Check your progress

check your progress

Here are some signs that you and your core leadership structure are making progress:

  • You have sought and found opportunities for team members to grow and develop their abilities as leaders.
  • You have developed capacity in framing – i.e., positioning issues in ways that resonate with people’s emotions and values.
  • You have learned to think strategically and creatively in your approaches to change.
  • You have supported the development of others as leaders to sustain the social movement and core leadership team.
  • You have inspired others to get involved and commit to the change.
  • You have organized and brought together the needed resources. 
  • You have achieved goals fully or partially

SOURCES: Bibby et al., 2009; Blueprints for Change, undated; del Castillo et al., 2016; Ganz, 2018; Grinspun & Bajnok, 2018; Serna-Restrepo et al., 2018; Klaus & Saunders, 2016.


Accelerate Your Success: The Knowledge-to-Action Framework’s Sustain Knowledge Useaction cycle phase includes strategies for change teams, as core leadership structures, to support the sustainability of a practice change. Failure to sustain change can limit the positive impacts of the practice change to the person/patient and their families, providers, organizations and/or health system. Achieving sustainability requires planning by change teams.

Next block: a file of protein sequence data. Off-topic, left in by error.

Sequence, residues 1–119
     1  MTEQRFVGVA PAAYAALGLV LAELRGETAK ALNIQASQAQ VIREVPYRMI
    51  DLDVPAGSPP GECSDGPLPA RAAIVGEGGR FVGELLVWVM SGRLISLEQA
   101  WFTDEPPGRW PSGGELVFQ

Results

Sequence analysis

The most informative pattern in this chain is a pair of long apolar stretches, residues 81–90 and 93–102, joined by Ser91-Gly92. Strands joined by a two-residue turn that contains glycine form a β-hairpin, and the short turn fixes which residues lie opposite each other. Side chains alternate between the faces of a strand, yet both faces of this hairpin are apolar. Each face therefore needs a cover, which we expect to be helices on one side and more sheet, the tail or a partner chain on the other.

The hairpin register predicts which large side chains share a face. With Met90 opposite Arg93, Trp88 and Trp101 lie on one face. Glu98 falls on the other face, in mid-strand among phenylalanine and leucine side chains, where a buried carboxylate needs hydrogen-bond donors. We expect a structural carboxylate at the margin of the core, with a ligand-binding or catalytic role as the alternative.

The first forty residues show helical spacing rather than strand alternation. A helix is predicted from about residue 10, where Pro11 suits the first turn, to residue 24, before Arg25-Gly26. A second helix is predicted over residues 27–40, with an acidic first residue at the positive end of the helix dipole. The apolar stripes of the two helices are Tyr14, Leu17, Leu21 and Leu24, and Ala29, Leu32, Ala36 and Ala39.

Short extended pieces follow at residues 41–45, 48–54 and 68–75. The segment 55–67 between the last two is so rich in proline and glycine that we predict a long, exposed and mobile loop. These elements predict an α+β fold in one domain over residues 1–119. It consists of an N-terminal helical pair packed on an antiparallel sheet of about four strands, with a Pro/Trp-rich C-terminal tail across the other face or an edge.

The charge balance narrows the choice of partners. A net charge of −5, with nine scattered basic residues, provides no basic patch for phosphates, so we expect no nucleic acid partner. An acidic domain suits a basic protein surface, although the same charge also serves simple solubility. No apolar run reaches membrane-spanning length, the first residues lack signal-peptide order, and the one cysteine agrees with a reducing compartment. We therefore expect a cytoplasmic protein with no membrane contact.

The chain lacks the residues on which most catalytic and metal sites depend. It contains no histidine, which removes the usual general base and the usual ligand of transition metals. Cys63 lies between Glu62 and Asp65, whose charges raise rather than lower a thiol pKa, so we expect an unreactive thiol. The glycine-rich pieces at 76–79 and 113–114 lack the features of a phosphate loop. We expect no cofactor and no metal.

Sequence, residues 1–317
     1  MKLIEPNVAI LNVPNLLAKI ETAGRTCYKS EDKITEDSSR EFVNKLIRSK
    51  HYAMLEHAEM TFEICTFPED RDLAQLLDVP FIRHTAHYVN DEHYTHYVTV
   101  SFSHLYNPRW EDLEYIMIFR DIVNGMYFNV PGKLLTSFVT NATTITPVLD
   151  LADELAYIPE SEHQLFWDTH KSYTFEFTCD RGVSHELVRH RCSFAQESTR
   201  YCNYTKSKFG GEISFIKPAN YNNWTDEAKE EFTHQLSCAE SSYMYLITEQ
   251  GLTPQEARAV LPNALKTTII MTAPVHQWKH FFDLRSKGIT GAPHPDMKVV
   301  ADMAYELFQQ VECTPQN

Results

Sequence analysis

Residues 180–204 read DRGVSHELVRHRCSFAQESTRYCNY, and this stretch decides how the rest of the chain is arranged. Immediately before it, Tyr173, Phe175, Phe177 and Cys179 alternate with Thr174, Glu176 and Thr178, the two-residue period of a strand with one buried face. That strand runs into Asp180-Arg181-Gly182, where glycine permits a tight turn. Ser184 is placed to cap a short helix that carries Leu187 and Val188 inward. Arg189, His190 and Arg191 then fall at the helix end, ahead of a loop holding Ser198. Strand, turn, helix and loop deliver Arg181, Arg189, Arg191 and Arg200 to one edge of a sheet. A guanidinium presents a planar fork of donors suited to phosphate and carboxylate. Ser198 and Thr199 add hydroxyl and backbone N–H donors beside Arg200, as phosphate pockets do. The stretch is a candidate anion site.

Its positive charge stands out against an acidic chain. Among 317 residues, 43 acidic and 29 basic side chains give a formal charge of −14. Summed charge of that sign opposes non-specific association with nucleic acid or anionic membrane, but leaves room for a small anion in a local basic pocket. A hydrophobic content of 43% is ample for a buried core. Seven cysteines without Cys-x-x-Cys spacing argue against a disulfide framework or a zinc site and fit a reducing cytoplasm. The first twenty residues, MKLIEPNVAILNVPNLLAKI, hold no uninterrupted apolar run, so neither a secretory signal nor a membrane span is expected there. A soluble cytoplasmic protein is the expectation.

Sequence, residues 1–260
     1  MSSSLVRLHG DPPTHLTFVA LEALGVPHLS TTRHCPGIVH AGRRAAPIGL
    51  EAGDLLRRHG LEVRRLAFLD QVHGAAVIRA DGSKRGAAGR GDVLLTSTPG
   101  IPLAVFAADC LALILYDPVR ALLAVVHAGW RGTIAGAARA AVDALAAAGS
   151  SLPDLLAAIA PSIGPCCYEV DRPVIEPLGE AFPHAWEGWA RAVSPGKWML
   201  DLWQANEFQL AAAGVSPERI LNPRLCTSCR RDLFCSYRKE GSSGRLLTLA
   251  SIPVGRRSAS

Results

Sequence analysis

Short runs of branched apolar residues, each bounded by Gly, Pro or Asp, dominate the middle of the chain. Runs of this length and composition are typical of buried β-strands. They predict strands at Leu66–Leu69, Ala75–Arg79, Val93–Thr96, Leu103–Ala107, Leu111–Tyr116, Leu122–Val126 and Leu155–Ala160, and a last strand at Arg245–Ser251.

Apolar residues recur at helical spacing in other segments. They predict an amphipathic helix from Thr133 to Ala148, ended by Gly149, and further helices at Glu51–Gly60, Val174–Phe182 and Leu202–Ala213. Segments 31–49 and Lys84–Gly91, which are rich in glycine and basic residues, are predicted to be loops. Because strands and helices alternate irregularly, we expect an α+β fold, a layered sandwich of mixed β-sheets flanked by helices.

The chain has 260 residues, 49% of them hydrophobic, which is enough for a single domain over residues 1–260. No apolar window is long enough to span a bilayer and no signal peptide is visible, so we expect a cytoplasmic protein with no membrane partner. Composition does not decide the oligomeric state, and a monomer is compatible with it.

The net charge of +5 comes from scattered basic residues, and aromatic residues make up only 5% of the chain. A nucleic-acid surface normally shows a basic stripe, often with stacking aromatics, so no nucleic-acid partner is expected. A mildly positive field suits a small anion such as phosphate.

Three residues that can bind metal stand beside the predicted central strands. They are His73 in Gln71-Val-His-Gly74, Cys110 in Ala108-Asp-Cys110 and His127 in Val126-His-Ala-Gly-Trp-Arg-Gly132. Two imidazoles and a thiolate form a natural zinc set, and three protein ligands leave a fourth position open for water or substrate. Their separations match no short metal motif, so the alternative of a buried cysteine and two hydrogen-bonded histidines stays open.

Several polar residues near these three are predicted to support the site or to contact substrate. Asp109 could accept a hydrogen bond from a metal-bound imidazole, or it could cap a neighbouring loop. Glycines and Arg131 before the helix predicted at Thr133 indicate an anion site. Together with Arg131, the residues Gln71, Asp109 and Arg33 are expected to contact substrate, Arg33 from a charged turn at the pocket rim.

Determining your progress and impact 

Core leadership structures may want to determine their progress and impact as a team. While there are no formalized performance indicators in social movements, the following quantitative and qualitative measures may be helpful:

Quantitative measures Qualitative measures 
  • The number of staff who engaged in the change.
  • The number of staff who joined the core team, if applicable.
  • The number of communications released to staff.
  • The number of staff emails responded to by core team members.
  • The achievements of the change initiative.  
  • The impact of the change on the shared concern or strongly desired change.
  • The development of capacity in social movement thinking.
  • The effectiveness of using social movement thinking as a people-led approach to change. 

  SOURCE: Blueprints for Change, undated.